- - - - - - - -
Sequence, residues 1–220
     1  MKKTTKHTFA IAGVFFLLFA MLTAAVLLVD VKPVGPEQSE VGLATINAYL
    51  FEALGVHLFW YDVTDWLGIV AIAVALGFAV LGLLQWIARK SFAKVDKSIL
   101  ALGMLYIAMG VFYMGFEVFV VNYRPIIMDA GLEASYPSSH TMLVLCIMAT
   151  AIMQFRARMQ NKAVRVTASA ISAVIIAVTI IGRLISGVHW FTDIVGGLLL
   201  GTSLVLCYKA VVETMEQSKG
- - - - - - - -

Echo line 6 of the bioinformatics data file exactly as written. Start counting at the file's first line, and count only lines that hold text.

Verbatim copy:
   201  GTSLVLCYKA VVETMEQSKG